It was two years ago this fall that I ran a marathon. Despite always being an athlete, I never considered myself a “runner” and had barely run more than a couple miles at any given time. But in early 2009 I set a personal goal: This year I would run a marathon. I even posted it on Facebook, perhaps hoping that putting the statement out into the world would make it more real and force me to continue on and not back down from my goal.
Goals of any sort, and particularly fitness goals, take some planning and preparation. I did some research and found a marathon in my area that was taking place a healthy enough distance in the future that I could be adequately prepared. I downloaded a six-month training plan for “beginning” runners, copied it over month by month to a big wall calendar and went out and bought a ventilated running hat. And then I hit the pavement. I trained throughout the late spring, summer and fall. I ran while on vacation, I ran despite thunderstorms and 100 degree afternoons, I ran even when it was the last thing I wanted to do.
On Oct. 25, 2009 I crossed the official finish line at the Cape Cod Marathon. It remains one of the most physically challenging and electrifying experiences of my life. While the memories of pain and fatigue from those 26.2 miles have long since faded away, it is the overwhelming feeling of accomplishment and triumph that has remained. I wasn’t one of those people who just decided to run a marathon and did it easily. The odds were against me, but I set my mind to it and accomplished something that I wasn’t sure my body could handle. But it did, and now I know that if I set a goal, create a plan, and execute than plan, I will be successful.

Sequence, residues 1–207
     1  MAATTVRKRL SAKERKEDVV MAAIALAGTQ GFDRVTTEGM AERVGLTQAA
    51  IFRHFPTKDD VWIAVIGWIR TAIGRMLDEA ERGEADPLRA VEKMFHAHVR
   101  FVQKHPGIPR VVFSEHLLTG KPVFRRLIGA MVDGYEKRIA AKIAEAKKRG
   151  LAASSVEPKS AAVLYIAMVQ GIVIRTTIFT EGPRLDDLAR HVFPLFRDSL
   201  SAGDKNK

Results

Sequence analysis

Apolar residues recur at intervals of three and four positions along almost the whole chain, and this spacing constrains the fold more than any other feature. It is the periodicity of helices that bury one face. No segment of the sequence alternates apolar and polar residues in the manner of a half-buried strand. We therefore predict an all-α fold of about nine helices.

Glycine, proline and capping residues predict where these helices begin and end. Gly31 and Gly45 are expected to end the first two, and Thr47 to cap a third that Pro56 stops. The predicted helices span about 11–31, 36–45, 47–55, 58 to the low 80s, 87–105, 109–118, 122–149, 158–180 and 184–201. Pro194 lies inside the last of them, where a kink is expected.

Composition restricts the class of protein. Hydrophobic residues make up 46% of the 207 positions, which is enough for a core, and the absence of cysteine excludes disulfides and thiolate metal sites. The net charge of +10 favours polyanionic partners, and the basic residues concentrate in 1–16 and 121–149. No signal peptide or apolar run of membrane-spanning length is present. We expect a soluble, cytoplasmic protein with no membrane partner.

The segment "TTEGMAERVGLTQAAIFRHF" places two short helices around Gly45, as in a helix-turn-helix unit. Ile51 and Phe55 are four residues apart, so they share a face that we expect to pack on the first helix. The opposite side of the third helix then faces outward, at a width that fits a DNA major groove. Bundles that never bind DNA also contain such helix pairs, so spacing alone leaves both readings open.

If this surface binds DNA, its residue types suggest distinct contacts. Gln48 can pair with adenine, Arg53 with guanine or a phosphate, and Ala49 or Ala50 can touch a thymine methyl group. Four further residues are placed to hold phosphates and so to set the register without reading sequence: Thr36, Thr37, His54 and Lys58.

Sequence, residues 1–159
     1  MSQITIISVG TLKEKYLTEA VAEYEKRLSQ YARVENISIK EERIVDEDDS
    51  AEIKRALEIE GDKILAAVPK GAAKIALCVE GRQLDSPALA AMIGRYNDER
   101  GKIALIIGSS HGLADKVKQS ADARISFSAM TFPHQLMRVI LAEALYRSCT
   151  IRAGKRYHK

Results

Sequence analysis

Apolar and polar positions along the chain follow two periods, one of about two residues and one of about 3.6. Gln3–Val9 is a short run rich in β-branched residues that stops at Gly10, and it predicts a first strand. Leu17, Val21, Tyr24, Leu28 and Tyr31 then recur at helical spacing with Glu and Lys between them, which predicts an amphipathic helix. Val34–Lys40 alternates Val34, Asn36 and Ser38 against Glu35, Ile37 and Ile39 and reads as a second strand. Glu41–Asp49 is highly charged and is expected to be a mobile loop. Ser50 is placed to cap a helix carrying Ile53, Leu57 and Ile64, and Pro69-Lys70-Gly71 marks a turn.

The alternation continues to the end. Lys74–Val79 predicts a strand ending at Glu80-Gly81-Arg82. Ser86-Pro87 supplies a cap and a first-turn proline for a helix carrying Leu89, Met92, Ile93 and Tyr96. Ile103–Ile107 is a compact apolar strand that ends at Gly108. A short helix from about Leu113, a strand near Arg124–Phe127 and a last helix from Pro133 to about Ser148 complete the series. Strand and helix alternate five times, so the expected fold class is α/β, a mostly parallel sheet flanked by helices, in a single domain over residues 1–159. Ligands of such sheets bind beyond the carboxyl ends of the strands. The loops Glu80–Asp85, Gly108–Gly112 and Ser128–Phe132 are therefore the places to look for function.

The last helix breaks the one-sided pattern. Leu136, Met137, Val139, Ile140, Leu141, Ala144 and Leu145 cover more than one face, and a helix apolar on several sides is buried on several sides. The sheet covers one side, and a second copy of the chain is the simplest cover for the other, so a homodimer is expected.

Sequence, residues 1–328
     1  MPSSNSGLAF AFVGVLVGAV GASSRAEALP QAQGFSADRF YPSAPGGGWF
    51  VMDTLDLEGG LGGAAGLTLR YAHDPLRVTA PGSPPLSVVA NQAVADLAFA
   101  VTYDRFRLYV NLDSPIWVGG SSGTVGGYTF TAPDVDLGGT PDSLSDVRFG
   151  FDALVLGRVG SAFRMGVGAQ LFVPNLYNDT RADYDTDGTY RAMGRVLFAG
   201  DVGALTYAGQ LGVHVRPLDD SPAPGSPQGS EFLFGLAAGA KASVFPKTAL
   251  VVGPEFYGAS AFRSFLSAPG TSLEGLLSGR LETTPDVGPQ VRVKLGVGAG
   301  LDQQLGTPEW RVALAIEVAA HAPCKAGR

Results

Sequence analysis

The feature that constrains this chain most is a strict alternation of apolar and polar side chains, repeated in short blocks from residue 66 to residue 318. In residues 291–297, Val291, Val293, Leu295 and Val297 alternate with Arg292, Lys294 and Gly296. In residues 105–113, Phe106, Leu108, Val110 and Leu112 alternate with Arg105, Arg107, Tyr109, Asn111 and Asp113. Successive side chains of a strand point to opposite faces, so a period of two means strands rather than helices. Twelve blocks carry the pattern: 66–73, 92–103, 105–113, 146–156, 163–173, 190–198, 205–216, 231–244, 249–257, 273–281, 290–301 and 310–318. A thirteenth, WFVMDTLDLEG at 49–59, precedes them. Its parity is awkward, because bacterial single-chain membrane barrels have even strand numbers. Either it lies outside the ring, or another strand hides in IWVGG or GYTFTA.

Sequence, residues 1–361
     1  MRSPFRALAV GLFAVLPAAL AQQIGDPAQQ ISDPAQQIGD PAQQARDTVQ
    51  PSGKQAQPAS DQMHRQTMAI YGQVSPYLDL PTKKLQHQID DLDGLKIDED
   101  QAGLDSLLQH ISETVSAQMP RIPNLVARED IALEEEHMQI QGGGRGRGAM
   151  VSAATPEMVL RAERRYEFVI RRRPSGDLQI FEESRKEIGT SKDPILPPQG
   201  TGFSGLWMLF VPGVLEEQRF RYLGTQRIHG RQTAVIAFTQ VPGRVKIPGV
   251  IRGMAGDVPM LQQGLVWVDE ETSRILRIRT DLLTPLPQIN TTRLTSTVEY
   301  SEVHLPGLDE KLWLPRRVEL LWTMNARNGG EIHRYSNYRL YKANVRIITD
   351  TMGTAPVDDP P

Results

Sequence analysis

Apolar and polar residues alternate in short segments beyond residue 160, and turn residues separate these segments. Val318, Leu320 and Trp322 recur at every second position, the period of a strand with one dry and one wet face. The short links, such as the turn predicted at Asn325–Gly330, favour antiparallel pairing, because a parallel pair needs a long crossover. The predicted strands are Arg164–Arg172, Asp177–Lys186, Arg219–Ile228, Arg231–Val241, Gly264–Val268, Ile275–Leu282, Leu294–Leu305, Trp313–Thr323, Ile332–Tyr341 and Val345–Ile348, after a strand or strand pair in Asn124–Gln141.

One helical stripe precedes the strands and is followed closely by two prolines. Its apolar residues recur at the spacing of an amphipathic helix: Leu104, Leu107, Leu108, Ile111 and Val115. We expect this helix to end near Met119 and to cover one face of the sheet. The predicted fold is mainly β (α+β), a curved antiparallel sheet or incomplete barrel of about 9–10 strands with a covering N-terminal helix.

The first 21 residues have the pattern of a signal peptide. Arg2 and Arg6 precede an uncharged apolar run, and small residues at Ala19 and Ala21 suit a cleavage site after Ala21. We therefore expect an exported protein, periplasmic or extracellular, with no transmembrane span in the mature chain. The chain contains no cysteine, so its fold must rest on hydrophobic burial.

In the Fall Fitness Program we give you many different ways to get in shape and stay in shape. Hopefully you will set—and achieve—some fitness goals of your own.
Originally published in November 2011